Notice the bakers' Hitlerstaches.

If Maurice Sendak hadn’t drawn the bakers three in his book, In the Night Kitchen, as  Oliver Hardy-esque characters with bulbous noses and rotund bellies, I might not have missed his Holocaust reference in the Hitlerstaches they’re sporting. But I did.

Instead, I found out while reading an essay in The New York Times Book Review this weekend that said the “dream world Sendak concocted in ‘In the Night Kitchen’ (1970) was inspired by the Holocaust of all ghoulish things. Its cheery bakers wear Hitleresque mustaches and try to stuff a young boy named Mickey into an oven.”

Oh yeah, I missed the oven reference too.

Born in Brooklyn in 1928 to Polish Jewish immigrant parents, Sendak describes his American childhood as one very much shaped by the Holocaust. He also admits that much of his work is autobiographical.

Perhaps best known for his book, Where the Wild Things Are, Sendak was one of the first to tackle many long-held taboos of children’s literature, in this case, the dark side of kids’ emotions. Personally, I prefer Night Kitchen to Wild Things because it’s a sweeter book and when read aloud, is more playful and lyrical to the ear. Of course, I’m going to read it a bit differently now, but this new interpretation won’t change my love for the book. No way. No how.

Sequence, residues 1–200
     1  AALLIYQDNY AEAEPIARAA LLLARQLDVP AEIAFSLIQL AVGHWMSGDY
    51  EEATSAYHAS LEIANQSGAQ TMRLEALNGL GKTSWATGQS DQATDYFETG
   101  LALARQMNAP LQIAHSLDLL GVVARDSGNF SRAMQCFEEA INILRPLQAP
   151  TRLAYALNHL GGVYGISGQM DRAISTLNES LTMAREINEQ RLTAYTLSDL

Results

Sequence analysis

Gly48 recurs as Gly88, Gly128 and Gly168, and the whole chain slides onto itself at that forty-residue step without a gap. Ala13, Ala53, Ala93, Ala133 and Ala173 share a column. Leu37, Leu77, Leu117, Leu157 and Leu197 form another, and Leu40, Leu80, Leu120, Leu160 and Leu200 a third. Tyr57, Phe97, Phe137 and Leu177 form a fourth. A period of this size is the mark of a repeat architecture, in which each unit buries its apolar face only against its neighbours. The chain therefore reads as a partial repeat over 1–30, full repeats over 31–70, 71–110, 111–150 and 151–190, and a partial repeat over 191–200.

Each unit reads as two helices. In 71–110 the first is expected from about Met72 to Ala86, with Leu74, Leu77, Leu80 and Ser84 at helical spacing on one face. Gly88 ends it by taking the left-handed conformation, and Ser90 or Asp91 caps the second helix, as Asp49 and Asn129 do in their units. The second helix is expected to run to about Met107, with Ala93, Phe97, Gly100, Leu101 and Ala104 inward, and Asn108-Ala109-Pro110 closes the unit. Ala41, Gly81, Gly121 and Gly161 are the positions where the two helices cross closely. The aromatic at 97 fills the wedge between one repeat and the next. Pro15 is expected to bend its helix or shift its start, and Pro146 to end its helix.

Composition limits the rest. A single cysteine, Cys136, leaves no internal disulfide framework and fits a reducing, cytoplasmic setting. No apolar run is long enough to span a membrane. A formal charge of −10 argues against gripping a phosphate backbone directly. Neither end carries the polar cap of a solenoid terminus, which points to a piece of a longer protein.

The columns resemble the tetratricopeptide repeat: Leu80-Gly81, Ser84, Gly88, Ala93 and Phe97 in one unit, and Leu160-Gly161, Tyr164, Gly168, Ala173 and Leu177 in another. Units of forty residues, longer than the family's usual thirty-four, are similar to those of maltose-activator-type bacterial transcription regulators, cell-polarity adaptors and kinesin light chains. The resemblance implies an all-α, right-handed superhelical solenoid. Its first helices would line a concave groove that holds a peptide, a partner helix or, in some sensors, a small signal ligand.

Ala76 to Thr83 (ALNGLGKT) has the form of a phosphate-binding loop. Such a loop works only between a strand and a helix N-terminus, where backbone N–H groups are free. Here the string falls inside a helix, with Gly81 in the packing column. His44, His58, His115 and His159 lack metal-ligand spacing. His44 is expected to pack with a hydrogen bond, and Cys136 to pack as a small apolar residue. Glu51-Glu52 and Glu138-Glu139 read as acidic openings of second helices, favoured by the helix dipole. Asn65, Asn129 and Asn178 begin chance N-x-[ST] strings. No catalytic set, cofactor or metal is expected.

In a recent phone interview with the Times, Sendak explained the origins of his penchant for the scary stuff: “The Holocaust demolished my family, my parents. I saw that, I was there, I was a child. I had to bear it even though I didn’t have any idea what it meant. What language was there to tell a child? None. That has stayed with me all my life. I was very much afraid when I was a child.”

But he’s quick to note, “All my books end safely. I needed the security in my soul of bringing these children back,” which he does in Wild Things, when Max finds his meal waiting for him.

“It means his mother loves him,” says Sendak. “The rough patches between them are solved.”

Similarly, in Night Kitchen, Mickey lands safe and sound in his own bed to which Sendak explains, “We want them to end up O.K., and they do end up O.K. Unlike grownup books.”

Sendak cites Alice in Wonderland as coming “as close to the world of childhood as great books do. It’s a terrifying book; it’s a nightmare . . . Carroll was allowing for nightmare, murderous impulses. I don’t know why he got away from it. He told the truth about childhood, about how unsafe it was.”

But this is my favorite part of the interview: “I have never had a letter from a child that said, ‘Go to hell,'” says Sendak. “They are always thanking me for opening the door, even if it was only peeking through to show how difficult life could be.”

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